Big data, big benefits 

At present, AI plays a big part in the execution of tasks in public sector organisations. But, when applied to big data sets, AI can determine actionable insights at a rapid pace, and create immense change from a strategic level, too.

Analysing social media profiles is a brilliant example of this; when considering that there are 319 million Twitter accounts and 1.86 billion Facebook accounts worldwide, our social media profiles are a goldmine of data that can be of use to various government departments. The University of Rochester in New York were quick to realise this, and implemented an innovative trial in Las Vegas, that used intelligent algorithms to combat food poisoning borne from public restaurants.

Noticing that many people turn to social media to vent about all manner of frustrations, the University of Rochester has developed an application for health departments that combines AI with natural language processing to identify food poisoning-related Tweets. The intelligent algorithm then connects these Tweets to specific restaurants by geotagging them to identify likely hot spots. The Health Department of Las Vegas was then able to carry out targeted inspections at these restaurants. The trial was a success, with these targeted inspections leading to 9,000 fewer incidents of food poisoning, and 557 fewer hospital admissions in Las Vegas during the course of the study.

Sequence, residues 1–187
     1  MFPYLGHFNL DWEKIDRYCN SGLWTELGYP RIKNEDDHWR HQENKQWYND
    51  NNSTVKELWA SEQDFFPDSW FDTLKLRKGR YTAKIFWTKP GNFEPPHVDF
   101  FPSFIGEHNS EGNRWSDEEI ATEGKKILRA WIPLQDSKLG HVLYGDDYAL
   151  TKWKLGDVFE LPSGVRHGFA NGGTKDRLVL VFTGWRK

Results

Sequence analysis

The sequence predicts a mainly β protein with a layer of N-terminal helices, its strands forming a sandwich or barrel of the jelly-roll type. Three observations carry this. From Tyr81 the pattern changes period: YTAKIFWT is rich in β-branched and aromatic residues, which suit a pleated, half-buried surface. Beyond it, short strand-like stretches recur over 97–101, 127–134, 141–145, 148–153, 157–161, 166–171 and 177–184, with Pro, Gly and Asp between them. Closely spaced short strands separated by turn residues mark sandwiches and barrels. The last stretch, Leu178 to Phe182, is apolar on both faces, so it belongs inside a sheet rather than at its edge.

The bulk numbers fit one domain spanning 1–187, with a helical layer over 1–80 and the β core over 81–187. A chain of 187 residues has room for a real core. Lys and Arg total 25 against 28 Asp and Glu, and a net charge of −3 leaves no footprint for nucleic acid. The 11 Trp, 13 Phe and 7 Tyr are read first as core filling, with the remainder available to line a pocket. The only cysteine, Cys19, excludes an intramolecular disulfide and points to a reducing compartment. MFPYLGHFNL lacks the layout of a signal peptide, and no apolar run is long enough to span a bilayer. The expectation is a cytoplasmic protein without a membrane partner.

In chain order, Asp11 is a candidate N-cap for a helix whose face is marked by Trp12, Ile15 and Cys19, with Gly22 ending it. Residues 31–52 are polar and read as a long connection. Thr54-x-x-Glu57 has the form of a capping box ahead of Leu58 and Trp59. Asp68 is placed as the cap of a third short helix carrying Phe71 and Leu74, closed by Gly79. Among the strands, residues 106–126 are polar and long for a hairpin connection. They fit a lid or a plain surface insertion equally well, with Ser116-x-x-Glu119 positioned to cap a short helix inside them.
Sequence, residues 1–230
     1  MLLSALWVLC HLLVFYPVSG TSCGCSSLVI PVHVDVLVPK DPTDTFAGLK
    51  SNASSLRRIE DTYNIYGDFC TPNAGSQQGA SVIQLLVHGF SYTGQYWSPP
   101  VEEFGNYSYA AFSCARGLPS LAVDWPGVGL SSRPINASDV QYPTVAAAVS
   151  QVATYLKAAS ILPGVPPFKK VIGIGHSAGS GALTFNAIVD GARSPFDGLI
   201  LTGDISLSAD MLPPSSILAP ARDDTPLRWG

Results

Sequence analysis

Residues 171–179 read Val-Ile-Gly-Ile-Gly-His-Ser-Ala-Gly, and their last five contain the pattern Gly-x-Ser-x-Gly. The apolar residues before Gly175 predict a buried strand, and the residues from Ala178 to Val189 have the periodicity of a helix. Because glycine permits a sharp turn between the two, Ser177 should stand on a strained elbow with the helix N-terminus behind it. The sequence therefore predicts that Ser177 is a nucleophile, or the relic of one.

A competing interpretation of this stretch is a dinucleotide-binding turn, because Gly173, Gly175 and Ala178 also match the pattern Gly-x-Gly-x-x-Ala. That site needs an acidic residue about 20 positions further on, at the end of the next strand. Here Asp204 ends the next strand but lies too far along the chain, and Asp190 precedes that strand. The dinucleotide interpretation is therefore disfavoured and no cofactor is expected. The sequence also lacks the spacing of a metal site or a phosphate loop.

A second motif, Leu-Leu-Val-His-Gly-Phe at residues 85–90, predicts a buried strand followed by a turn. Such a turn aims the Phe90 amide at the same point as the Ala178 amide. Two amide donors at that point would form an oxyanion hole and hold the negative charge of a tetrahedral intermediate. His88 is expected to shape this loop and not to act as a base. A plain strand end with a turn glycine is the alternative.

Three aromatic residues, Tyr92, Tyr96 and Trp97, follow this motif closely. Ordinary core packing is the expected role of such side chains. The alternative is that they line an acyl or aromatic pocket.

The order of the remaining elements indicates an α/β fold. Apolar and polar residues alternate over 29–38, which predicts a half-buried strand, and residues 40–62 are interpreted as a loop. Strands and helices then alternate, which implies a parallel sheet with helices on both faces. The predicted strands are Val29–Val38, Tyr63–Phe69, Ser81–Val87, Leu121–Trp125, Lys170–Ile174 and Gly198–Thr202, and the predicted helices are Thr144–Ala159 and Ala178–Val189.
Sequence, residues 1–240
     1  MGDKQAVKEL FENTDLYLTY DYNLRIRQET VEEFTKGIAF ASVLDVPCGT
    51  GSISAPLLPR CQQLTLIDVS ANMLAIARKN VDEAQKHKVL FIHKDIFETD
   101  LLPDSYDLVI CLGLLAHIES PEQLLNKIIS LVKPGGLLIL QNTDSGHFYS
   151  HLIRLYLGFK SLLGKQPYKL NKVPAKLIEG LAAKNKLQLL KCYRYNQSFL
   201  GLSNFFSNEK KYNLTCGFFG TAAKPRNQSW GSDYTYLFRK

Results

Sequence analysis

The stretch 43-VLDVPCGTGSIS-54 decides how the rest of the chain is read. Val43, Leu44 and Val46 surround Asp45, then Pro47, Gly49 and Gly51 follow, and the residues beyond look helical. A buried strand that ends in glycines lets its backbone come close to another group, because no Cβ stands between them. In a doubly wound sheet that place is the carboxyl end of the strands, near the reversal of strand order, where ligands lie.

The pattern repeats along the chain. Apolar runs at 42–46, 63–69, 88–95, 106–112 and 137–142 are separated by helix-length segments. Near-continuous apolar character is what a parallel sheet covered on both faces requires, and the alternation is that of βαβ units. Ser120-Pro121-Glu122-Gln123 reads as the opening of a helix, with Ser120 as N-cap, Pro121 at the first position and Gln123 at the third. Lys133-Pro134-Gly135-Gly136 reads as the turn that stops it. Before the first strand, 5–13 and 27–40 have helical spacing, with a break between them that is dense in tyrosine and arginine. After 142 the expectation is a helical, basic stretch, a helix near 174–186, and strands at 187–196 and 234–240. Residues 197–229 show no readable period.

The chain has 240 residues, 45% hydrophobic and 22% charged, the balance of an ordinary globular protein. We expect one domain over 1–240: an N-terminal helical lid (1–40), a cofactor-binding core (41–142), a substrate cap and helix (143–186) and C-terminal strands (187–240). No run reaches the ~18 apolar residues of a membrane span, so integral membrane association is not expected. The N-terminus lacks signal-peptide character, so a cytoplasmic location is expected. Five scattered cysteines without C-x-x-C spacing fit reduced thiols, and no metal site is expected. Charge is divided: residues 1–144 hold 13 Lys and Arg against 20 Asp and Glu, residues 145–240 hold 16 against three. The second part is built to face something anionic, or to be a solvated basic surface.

But from a strategic level, the opportunity that AI offers the public spans far beyond this. Closer to home, the British Police, for example, are using AI to identify criminals from CCTV footage. It’s thought that with even a glimpse of their ear on CCTV, AI can scan this image past the data the Police have on file to correctly detect the suspect. And what’s more, AI is giving rise to ‘Predictive Policing’ in the US, in which criminal suspects can be ruled out or confirmed  for particular cases by analysing data based on their previous crimes.

The future for public policy

While digital transformation efforts require small steps, the Government is already making giant strides when it comes to AI, by working with tech companies such as IPSoft and Babylon Health. And, with the Prime Minster pledging £2 billion investment to AI and other emerging technologies, it looks like these intelligent algorithms are here to stay. What the Government must do now is ensure it is mindful of the possible risks, errors, and governance issues, so that everyone can feel the benefit.

While it might be a few years away yet, we’ll gradually see the Government implementing AI to not just improve frontline services and provide actionable insights, but to actually make better decisions as to where precious financial resources are spent. By applying AI to big data on a macro scale, the Government could determine how effective particular public sector contracts will be based on pre-existing insights, and what the outcomes of particular public sector policies, laws and regulations are likely to be. As technology and government become inextricably linked, the coming years are certainly set to be interesting.

Adele Every is public sector innovation champion at Capgemini